When he was interviewed by Carl Combs, a Warner publicist assigned to Casablanca, Veidt denounced Strasser. ''This role epitomizes the cruelty and the criminal instincts and murderous trickery of the typical Nazi,'' he said. ''I know this man well. He is a man who turned fanatic and betrayed his friends, his homeland, and himself in his lust to be somebody and to get something for nothing.''

Veidt became a British citizen in 1938 [sic]. By that time he was playing grand villains like the Grand Vizier in Alexander Korda's The Thief of Bagdad. When war came, he loaned the money he had in the bank to the British government. After he came to America in 1940, he donated most of his salary from his American films to the British War Relief. He was, after all, only forty-nine years old, under contract to M-G-M, with years of good movies ahead of him. But he would be the first of the major participants in Casablanca to die. He dropped dead on a golf course less than a year later.

'Connie must have thought he had fifteen, twenty years more of work,'' says Robbie Lantz, Veidt's friend and fellow immigrant. A talent agent, Lantz brought Lily Veidt to New York to work in his agency. She survived her husband by more than forty years. ''In the most touching and unsentimental and wonderful way, Lily carried the torch to the end,'' says Lantz. ''There was no man after Connie. And she never talked about Connie. Up to the end, it was too painful for her.''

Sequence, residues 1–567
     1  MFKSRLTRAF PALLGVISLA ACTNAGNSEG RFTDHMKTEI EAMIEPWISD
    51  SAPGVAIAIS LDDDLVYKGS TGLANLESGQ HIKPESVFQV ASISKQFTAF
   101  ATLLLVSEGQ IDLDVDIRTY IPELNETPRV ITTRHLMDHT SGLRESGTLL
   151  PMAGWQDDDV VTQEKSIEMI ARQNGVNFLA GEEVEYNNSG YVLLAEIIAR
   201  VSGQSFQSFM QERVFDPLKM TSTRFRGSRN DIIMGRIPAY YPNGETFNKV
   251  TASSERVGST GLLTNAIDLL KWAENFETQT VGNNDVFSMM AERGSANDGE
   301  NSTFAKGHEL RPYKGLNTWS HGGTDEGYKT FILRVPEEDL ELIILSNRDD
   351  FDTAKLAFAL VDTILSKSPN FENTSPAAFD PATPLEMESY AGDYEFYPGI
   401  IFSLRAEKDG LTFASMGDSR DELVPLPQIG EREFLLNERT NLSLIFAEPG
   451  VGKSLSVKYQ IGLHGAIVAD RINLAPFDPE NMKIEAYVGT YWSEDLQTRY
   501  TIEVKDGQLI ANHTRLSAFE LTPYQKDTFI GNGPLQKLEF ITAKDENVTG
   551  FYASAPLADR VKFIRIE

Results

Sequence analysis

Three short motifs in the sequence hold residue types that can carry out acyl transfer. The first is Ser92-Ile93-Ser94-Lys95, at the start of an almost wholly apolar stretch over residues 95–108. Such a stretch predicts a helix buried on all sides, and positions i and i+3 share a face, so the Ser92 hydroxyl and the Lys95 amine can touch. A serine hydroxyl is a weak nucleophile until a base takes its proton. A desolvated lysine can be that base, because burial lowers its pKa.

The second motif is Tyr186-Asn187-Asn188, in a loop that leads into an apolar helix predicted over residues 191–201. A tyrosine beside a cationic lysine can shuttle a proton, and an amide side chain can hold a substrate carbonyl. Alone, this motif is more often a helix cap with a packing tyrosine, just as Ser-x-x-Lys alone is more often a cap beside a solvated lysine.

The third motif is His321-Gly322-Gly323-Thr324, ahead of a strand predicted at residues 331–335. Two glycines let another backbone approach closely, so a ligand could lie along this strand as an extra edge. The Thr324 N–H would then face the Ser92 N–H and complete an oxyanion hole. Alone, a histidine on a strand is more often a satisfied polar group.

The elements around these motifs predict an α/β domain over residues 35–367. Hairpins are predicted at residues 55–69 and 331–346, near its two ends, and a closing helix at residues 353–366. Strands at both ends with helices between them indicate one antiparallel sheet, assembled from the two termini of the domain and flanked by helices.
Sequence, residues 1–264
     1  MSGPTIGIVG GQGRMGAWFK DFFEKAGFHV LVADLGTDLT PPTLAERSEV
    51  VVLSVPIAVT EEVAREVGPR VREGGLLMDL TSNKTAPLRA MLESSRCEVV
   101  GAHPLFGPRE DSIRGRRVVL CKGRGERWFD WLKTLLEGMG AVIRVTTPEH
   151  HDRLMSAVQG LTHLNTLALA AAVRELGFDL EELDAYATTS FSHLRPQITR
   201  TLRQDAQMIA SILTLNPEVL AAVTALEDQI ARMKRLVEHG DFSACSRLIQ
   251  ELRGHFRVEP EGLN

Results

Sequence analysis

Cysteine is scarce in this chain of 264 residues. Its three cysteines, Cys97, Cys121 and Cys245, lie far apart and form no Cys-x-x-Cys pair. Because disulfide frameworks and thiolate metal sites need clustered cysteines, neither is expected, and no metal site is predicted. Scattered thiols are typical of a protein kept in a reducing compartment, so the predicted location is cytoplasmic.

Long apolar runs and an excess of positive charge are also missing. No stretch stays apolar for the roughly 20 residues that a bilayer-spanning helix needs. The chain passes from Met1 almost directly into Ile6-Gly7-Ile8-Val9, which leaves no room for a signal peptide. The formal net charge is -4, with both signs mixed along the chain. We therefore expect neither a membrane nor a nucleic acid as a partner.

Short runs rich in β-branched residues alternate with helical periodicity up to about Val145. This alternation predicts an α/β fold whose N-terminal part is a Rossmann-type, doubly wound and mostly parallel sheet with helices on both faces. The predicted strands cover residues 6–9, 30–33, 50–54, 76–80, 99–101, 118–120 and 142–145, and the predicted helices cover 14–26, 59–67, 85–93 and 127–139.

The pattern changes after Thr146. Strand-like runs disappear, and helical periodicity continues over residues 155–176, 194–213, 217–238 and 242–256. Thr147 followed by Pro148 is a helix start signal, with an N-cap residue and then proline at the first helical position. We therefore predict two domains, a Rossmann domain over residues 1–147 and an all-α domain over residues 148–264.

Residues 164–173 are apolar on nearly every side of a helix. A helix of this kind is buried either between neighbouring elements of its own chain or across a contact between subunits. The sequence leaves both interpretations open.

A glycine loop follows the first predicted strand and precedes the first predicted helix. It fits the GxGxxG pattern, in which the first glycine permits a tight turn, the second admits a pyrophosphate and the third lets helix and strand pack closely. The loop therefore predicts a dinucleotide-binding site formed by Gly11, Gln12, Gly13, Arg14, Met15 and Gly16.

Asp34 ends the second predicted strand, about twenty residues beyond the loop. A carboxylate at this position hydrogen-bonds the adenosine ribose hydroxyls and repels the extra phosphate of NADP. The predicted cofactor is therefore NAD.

In late May, Warner Bros. borrowed Conrad Veidt from M-G-M for $25,000, five weeks at $5,000 a week. By the time Warners borrowed Dooley Wilson [who played Sam the piano player] from Paramount and Veidt from Metro, the war had caused the studios to cooperate in ways that would have been unthinkable six months earlier.....

The right-wing fervor that swept America from 1947 to 1957 can be read in the files of Bogart, Peter Lorre and even Ingrid Bergman. From this distance, those FBI reports create a world like the one in Alice in Wonderland where the Knave of Hearts is guilty of writing a letter he swears he didn't write because, if he were an honest man, he would not have disguised his handwriting and refused to sign his name.

. . . Like all the files, two-thirds of Lorre's is unreadable because all but two or three words on a page have been blacked out to protect the informer or the internal practices of the FBI. Conrad Veidt's files manage to have their cake and eat it too. Veidt is accused of having pro-Axis leanings and of being associated with fervent anti-Nazis.

The day that Veidt finished work on Casablanca, July 20, 1942, he had plans for the evening. According to FBI file No. 100-3514, Veidt was to be a speaker at the Free Peoples' Dinner held at the Beverly Hills Hotel under the auspices of the Joint Anti-Fascist Refugee Committee and the Council on African Affairs. Guests included the mayor of Los Angeles, the vice-consul of the USSR, Charles Laughton, Major William Wyler, and an FBI agent who detailed the pro-Russian sentiments of the guest of honor, Paul Robeson. Although Veidt's name was on the program, he never showed up. He may have gone out to celebrate the end of his role in Casablanca or simply gone home to bed. But the fact that he was expected to appear is on file forever.